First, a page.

A dewar, named after Sir James Dewar, a Scottish physicist who
invented it, is a double-walled container with a vacuum between the
walls. The walls are made of or are coated with a highly reflective
material. This container is designed to be a good thermal insulator for
keeping the contents hot or cold. A thermos is an example of a dewar
for keeping coffee hot, and scientists and engineers use them often to
keep liquid nitrogen cold so that it can be used in Physics Van
demonstrations. There's a picture of one holding liquid nitrogen on our
web site here
The dewar covers all the bases in order to stop heat energy from flowing into or out of it.
1) Conduction: Dewars have two walls and they are not in contact,
so there is no heat conduction (except perhaps at the lip where the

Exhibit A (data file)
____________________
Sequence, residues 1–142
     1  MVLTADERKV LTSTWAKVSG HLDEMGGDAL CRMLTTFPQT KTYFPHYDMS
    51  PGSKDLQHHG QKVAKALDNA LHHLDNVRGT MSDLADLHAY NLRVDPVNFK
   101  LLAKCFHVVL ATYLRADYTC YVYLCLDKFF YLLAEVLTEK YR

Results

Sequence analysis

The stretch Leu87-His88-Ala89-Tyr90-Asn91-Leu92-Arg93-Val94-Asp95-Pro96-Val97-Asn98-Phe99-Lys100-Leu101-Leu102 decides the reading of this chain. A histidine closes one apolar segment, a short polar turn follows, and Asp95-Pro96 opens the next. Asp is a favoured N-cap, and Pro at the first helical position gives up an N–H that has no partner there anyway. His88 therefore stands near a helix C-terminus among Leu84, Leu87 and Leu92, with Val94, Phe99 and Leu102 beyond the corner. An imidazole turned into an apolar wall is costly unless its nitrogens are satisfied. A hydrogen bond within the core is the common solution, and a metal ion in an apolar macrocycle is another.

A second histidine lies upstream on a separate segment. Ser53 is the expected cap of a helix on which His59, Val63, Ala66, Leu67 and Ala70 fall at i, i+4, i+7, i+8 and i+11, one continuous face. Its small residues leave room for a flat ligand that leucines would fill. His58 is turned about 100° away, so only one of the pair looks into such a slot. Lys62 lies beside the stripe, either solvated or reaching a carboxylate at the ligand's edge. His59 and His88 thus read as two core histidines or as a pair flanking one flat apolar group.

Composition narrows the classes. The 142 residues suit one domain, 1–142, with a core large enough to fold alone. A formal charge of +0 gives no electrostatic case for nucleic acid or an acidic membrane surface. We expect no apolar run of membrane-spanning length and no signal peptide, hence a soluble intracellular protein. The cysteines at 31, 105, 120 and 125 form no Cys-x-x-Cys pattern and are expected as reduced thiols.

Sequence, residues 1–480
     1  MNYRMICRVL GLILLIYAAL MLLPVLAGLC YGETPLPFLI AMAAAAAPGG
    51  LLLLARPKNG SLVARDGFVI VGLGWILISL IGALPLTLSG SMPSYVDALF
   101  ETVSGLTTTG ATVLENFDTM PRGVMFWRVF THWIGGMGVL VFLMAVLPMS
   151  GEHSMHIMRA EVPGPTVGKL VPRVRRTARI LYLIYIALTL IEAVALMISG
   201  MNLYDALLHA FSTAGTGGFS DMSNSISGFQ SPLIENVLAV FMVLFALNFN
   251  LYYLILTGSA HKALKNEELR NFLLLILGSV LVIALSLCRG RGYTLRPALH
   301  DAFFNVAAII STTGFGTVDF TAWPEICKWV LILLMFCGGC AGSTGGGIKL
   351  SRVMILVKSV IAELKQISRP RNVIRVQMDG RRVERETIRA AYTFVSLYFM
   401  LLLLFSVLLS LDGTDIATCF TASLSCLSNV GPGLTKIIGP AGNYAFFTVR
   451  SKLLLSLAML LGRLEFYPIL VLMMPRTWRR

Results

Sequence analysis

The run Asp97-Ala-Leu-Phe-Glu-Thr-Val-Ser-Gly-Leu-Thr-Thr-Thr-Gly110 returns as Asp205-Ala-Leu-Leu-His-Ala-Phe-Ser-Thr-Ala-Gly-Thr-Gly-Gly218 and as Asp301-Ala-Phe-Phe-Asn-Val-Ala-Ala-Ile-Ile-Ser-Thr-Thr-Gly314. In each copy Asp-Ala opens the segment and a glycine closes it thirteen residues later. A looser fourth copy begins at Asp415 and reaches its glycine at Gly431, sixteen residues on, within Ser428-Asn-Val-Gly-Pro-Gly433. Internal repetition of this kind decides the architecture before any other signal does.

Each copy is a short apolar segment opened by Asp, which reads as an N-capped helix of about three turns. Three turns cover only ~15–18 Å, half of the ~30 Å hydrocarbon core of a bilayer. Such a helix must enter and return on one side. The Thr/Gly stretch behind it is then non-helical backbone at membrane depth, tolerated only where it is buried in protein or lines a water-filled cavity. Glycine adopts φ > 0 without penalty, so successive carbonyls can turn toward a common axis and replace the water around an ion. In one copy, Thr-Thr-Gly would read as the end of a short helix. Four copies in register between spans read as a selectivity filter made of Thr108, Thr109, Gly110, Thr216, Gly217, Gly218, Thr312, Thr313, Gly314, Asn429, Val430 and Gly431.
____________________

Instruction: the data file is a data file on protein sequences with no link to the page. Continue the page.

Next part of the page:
walls are joined together to hold the dewar in one piece.
2) Convection: There is a vacuum between the two walls and so
flowing air or other fluid cannot convey heat energy from one place to
another. Cheap plastic thermoses may have double walls but with
styrofoam or polyester fill or something else as an insulator.
Styrofoam insulates because it keeps the air inside from flowing,
transferring heat by convection. These aren't technically called
Dewars, however, because they lack a vacuum.
3) Radiation: Here's the really clever part. A shiny surface
reflects back all the light you shine on it (in this case, the infrared
part of the spectrum is the important part). But more importantly, it
also emits infrared radiation at a much lower rate than an object which
is colored, say, black. The reason for this is that an object which is
in equilibrium with a surrounding light radiation field emits and
abosorbs radiation at the same rate. A black object absorbs everything,
and so a warm black object must re-radiate the heat away. On the flip
side, a shiny object absorbs almost nothing, and so it also emits
almost nothing when warm. So the walls are made of shiny material so
they will not radiate their energy away with infrared light.
(published on 10/22/2007)